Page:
Anaconda Copper Company

Large mining syndicate typical of many companies involved in mining in the western United States in the 1860s and 1870s; used heavy machinery and professional engineers. Many prospectors who found gold,silver, or copper sold their claims to companies such as this.

Anaconda Plan

Critical component of initial Union plans to win the Civil War; called for capture of critical Southern ports and eventual control of the Mississippi River, which would create major economic and strategic difficulties for the Confederacy.


Group that opposed the ratification of the proposed Constitution of the United Sates in 1787; many feared that strong central government would remove the process of government "from the people" and replicate the excesses of the British monarchy.

Anti-Imperialist League

Organization formed in 1898 to oppose American annexation of the Philippines and American imperialism in general; focused the public on the potential financial,military, and especially moral costs of imperialism.

Anti-Saloon League

Organization founded in 1893 that increased public awareness of the social effects of alcohol on society; supported politicians who favored prohibition and promoted statewide referendums in Western and Southern states to ban alcohol.


In the courthouse of Virginia city Robert E. Lee surrendered his Confederate army to Ulysses S. Grant on April 9, 1865.

Army-McCarthy hearings

1954 televised hearings on charges that Senator Joseph McCarthy was unfairly tarnishing the United States Army with charges of communist infiltration into the armed forces; hearings were the beginning of the end for McCarthy, whose bullying tactics were repeatedly demonstrated.

Articles of Confederation

Ratified in 1781, this document established the first official government of the United States; allowed much power to remain in the states, with the federal government possessing only limited powers. Articles replaced by the Constitution in 1788.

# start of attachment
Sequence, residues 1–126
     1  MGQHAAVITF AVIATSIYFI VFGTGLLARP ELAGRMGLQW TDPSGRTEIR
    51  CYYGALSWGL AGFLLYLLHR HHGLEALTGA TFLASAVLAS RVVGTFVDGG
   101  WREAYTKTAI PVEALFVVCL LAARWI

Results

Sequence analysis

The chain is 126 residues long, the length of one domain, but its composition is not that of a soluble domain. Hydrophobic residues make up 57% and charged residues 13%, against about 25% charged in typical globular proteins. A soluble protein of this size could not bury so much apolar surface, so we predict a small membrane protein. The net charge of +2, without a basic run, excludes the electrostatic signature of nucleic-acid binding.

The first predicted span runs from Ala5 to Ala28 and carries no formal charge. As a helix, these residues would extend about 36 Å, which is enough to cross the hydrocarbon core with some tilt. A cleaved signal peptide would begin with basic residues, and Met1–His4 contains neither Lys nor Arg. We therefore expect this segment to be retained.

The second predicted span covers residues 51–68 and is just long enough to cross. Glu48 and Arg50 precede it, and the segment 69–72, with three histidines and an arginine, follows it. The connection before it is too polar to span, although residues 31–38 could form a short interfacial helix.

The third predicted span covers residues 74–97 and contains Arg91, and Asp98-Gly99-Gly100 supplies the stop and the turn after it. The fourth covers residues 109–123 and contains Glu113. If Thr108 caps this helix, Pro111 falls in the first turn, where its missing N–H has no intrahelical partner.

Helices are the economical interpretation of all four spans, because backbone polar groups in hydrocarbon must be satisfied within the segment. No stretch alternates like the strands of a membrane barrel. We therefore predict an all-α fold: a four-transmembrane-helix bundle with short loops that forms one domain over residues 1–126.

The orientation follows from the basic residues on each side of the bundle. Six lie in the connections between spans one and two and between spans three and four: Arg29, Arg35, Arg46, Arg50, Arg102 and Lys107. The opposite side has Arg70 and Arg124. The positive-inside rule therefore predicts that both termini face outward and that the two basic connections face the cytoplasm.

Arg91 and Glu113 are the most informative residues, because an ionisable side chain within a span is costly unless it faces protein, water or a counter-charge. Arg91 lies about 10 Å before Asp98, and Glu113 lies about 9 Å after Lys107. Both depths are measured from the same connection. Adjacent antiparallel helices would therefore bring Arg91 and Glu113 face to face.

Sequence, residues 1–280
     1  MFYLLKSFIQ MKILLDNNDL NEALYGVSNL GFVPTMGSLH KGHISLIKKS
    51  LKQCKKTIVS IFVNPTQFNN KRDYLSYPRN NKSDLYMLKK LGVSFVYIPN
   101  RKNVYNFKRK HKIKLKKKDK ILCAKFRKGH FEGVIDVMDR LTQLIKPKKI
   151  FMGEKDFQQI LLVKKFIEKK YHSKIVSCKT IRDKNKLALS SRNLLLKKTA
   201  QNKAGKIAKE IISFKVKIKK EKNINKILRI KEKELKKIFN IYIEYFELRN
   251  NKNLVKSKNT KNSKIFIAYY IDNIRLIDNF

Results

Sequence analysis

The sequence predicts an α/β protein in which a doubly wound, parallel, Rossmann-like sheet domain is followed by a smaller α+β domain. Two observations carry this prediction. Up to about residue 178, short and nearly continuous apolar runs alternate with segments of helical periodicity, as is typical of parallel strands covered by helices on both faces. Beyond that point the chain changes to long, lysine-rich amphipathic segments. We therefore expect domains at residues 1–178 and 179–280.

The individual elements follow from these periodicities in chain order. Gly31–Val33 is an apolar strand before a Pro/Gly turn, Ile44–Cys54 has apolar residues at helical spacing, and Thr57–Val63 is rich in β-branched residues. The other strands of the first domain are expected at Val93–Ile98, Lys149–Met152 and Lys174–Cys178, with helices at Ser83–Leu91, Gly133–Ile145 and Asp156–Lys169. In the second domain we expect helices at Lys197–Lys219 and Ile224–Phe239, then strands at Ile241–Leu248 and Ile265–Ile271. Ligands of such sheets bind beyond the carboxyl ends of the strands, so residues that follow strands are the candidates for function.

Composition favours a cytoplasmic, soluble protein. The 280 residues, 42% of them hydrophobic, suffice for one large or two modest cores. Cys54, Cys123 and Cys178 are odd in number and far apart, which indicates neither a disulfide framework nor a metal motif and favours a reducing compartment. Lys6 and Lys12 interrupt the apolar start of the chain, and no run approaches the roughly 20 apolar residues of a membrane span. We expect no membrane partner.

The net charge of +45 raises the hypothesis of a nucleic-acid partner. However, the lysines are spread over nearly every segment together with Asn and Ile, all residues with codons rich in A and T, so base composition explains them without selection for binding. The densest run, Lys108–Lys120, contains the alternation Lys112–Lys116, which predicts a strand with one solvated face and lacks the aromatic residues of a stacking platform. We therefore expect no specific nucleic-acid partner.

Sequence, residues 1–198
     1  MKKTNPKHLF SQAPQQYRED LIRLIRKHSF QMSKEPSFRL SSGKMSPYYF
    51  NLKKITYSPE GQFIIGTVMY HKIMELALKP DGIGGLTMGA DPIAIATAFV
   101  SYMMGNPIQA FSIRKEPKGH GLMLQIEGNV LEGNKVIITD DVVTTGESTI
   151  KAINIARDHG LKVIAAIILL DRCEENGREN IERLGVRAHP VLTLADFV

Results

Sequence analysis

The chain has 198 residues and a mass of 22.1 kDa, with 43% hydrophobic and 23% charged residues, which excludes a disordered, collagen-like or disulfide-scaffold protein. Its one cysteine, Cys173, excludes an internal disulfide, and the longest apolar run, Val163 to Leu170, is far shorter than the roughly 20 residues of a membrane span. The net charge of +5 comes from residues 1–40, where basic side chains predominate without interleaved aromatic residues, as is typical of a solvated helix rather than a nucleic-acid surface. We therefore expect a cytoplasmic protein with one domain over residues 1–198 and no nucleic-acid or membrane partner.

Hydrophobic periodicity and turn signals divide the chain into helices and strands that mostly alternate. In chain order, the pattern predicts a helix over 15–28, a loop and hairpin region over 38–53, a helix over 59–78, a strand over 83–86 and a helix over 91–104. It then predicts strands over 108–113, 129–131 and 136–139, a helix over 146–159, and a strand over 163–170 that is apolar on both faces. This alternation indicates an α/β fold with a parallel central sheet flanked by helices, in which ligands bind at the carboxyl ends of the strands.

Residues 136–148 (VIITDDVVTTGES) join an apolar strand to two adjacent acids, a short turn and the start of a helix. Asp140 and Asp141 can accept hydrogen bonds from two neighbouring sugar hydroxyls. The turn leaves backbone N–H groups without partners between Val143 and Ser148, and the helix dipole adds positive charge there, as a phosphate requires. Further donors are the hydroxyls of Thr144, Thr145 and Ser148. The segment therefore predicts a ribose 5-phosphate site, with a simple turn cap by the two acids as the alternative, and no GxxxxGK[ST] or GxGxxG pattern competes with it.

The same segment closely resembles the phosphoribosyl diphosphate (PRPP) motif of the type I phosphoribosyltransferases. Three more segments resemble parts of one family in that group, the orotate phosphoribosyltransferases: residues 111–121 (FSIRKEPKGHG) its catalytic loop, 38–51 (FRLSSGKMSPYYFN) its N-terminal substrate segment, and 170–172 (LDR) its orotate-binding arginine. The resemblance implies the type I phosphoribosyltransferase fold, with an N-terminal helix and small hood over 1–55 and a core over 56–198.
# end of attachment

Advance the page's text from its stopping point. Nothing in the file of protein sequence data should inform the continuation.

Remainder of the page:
Instrument that enabled navigators to calculate their latitude using the sun and the stars; allowed more accuracy in plotting routes during the Age of Discovery.

Atlantic Charter

Fall 1941 agreement between Franklin Roosevelt and Winston Churchill, stating that America and Great Britain would support a postwar world based on self-determination and would endorse a world body to ensure "general security"; U.S. agreement to convoy merchant ships across part of the Atlantic inevitably drew America closer to conflict with Germany.


Advanced Indian society located in central Mexico; conquered by Spanish conquistador Cortes. The defeat of the Aztecs was hastened by the smallpox brought to Mexico by the Spanish.

baby boom

Large increase in birthrate in United States that began in 1945 and lasted until 1962; new and larger families fueled the move to suburbia that occurred in the 1950s and produced the "youth culture" that would become crucial in the 1960s.

Ballinger-Pinchot Affair

Crisis that occurred when William Howard Taft was president, further distancing himself from Progressive supporters of Theodore Roosevelt. Richard Ballinger, Taft's Secretary of the Interior, allowed private businessmen to purchase large amounts of public land in Alaska; Forest Service head Gifford Pinchot (a Roosevelt supporter) protested to Congress and was fired by Taft.

Bank War

Political battles surrounding the attempt by President Andrew Jackson to greatly reduce the power of the Second Bank of the United States; Jackson claimed the bank was designed to serve special interests in America and not the common people.

Bataan Death March

Forced march of nearly 75,000 American and Filipino soldiers captured by the Japanese from the Bataan Peninsula in early May 1942; over 10,000 soldiers died during this one- week ordeal.

Battle of the Atlantic

Began in spring 1941 with the sinking of the American merchant vessel by a German submarine. Armed conflict between warships of America and Germany took place in September of 1941; American merchant vessels were armed by 1942.